How to be a Better Professional in the Art World

Don’t be an Artist Stereotype

Flighty. Absentminded. Moody. Overly emotional. Whatever the cliché may be, you don’t have to be that. If you want to make money as a professional artist, you have to act like a professional.

With the rise of the internet and numerous public art events, artists no longer have to depend on gallery owners to sell their work. Artists have become their own salespeople. We can interact directly with clients and customers on a daily basis. We are able to cut out the middleman, but this creates a need for really basic professional skills.

Here are a six skills that I personally value most in my professional relationships.

1. Do what you say, when you say.

If you are working with a customer, event organizer, gallery owner, fellow artist, or anyone interested in your art it is so important to maintain those relationships by delivering what you promise. I have worked with a number of different personalities and the worst thing you can do for a professional relationship is be flaky.

If you need to set up by a certain time at an event, be punctual. If you need to wire hang all of your pieces for a show, ask the event coordinator for details and deliver what they need. If you said you’d email a potential customer by a certain date, do it.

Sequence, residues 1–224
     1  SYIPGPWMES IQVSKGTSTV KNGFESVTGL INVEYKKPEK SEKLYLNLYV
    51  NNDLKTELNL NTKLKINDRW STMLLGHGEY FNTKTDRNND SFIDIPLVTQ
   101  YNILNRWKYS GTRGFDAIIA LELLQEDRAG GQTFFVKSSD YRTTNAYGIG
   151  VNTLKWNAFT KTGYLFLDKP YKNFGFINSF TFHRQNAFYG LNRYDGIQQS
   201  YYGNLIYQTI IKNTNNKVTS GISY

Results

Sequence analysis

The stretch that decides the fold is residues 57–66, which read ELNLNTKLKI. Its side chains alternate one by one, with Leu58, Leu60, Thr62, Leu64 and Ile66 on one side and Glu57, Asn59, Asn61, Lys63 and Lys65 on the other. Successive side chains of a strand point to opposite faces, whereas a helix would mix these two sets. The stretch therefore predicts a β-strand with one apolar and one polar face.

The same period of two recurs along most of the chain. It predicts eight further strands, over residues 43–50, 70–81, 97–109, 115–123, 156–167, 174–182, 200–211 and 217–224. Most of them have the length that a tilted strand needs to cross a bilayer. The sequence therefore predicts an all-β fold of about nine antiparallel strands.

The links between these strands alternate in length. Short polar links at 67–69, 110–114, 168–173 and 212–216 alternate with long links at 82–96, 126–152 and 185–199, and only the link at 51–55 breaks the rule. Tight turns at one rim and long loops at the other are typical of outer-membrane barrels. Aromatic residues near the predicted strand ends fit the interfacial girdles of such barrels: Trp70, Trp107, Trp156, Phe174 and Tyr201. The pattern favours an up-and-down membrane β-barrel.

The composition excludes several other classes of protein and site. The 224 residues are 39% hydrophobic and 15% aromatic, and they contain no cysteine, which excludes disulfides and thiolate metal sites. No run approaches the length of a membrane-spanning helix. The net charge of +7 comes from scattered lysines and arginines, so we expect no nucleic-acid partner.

If you over-promised and find you can’t deliver, then relay this to the other party. It’s okay if your plans have to change, but let the other party know in a timely fashion. Clear communication is crucial for professional relationships. I can’t tell you how many people I have worked with over the years that have flaked on me. When that happens, I’m not enthusiastic to try working with them in the future.

Don’t be that artist.

2. Follow Up

Get used to reaching out to people through email, text, or phone calls. Once you have formed a professional relationship, you must maintain it appropriately.

If the person you are working with doesn’t follow number one above, I encourage you to send a friendly email or give them a call to touch base on whatever you’re working on.

If you sent a piece of your art to a new customer, feel free to send them a message to see if everything arrived safely. If you are working on a commission and need more input from your client reach out to them.

Keep your lines of communication open, and avoid being shy. I still feel uncomfortable in a lot of professional interactions, but the more I do it, the easier it becomes.

3. Make your K-12 English teachers proud

Just because you’re an artist doesn’t mean that you can neglect basic grammar and punctuation. Sure, writing isn’t for everyone, but nothing rubs a customer the wrong way like a poorly written email. Anytime I am working with someone who claims to be a professional, red flags pop up all over the place if I get an email that doesn’t contain complete sentences, proper punctuation, properly spelled words, or capitalized letters in appropriate places.

What and how you write makes a statement about you and your business. Even if you are responding to emails on your phone, pay attention to the mechanics of what you write across all platforms. That goes for Instagram comments, messages, and captions too.

4. Keep your personal Life and beliefs in check.

I encourage artists to show their personalities and share their personal life to help build their brand, but I strongly discourage you from airing your dirty laundry in public. Be careful which stories you share, because your brand can be negatively impacted.